Two weeks ago, I had the pleasure of moderating the Special Track on Research 2.0 at i-KNOW 2012. It was now the third year that we had a Research 2.0 themed track at i-KNOW. Counting in the two workshop at the European Conference on Technology Enhanced Learning (EC-TEL) in 2009 and 2010, this was the fifth installment of its kind. For the second time, the special track was collaboration of the STELLAR Network of Excellence and the Marie Curie project TEAM.
In the latest edition, we had a wide papers on a variety of subjects. But the track was not only diverse in terms of topics, but also in terms of geography. The authors and speakers came from Belgium, Canada, the US, the UK, Germany, and Austria. At this point, I would like to thank our excellent program committee. These fine people not only helped us in reviewing the submissions but also spread the word of the event far beyond our own circles. So what happened in the special track?
Erik Duval (pictured above) from KU Leuven started the day with an inspiring keynote. He talked about analytics in research, and how we need tools to manage the exponential growth of knowledge in research. He presented several tools developed at KU Leuven, such as TiNYARM (This is Not Yet Another Reference Manager), a social reading application, More!, a mobile conference application, and visualizations of scientific papers for a tabletop. For all the details, check out his presentation on Slideshare.
Next up was Marta Sabou from MODUL University Vienna, who presented a paper on crowdsourcing in (NLP) research. She talked about different crowdsourcing approaches in research along the dimensions of time, genre, and steps in the research process. She then laid out how crowdsourcing has revolutionised NLP research in terms of cost and diversification of the research agenda. She finished with the challenges that arise from this new research methodology. More can be found in her presentation on Slideshare.
In the following talk, Aida Gandara from the Cyber-Share Center of the University of Texas at El Paso presented an infrastructure that supports researchers in documenting and sharing scientific research on the semantic web. The infrastructure follows a methodology that emphasizes the need for documentation during the whole research process, not only when a research cycle has ended. The infrastructure is currently used by a number of teams which collaboratively document their research in it.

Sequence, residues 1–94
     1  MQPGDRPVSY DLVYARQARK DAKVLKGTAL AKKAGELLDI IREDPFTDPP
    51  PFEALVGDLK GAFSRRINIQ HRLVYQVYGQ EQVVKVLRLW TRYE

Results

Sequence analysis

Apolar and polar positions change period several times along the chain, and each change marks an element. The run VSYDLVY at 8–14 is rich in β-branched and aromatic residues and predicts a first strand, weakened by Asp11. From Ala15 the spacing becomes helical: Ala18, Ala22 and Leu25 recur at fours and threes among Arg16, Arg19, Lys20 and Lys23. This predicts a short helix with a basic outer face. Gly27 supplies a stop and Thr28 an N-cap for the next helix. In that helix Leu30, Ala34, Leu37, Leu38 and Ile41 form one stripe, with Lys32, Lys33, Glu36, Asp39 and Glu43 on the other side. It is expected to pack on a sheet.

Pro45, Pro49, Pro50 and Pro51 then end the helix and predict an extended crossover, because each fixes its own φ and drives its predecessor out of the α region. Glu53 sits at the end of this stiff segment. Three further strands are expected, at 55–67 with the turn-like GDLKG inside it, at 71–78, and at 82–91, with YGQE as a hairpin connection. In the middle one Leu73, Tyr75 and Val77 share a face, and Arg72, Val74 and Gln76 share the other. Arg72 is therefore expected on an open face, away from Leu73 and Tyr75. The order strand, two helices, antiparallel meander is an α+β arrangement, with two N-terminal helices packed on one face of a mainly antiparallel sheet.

After the lunch break, Daniel Bahls continued on the notion of the semantic web. Their paper, however, focuses on the field of economics. He discussed an approach for representing statistical data from empirical research in a semantic form. Afterwards, he showed prototypes that build on this approach, and allow for recommendation in user assistance in evaluating datasets. He concluded with the outlook that open data is a prerequisite for open science, but that it also needs methodological information in order to reproduce research results.
Orland Hoeber returned to the topic of analytics in the following talk. He presented a system for scholarly search which is enhanced by metadata visualization. Among these visualizations are a histogram of the most frequent keywords in the search results, as well as a bow tie representation of citation metadata. The latter is an innovatve way of conveying citation patterns to users. The focus is on integrating the visualizations in the search and exploration process as seamless as possible. For all details, see the paper.
The second session was concluded by two practical demos. First off, Christian Voigt from the Centre for Social Innovation and Adam Cooper from the University of Bolton introduced a roadmapping methodology for Technology Enhanced Learning. At first, they talked about sources and frameworks for roadmapping. Then, they presented their approach which is based on text mining of blogs from the field. For more information, see the demo paper. Afterwards, Karl Voit introduced Emacs org-mode which enables researchers to include raw data and data analysis in the research paper. This allows for the reproducibilty of research results. An example can be found in his demo paper.
After the coffee break, Hermann Maurer gave an invited talk on one of the first open access journals J.UCS – Journal on Universal Computer Science. J.UCS was established in 1994; today it is in its 18th volume, attracting 700,000 article downloads per year. The journal builds on a Hyperwave server which enables several unique features such as automatic detection of incoming citations, and a refereeing system that includes the whole editorial board. If you want to know more about this system and its history, take a look at Hermann Maurer’s presentation.
In the general discussion, open access was one of the main topics. It was debated how the process of opening up research could be facilitated, concerning both technical and social issues. One of the conclusions was that open access is a necessary step, but that it can only be the beginning of what we call Research 2.0.
In my opinion, the special track gave a good insight on what is possible when science opens up and embraces the possibilities of the web. I would like to thank all authors, reviewers, and participants, as well as my co-organizers Roman Kern (Know-Center) and Kris Jack (Mendeley) for making this event possible. See you online and at the next Research 2.0 event!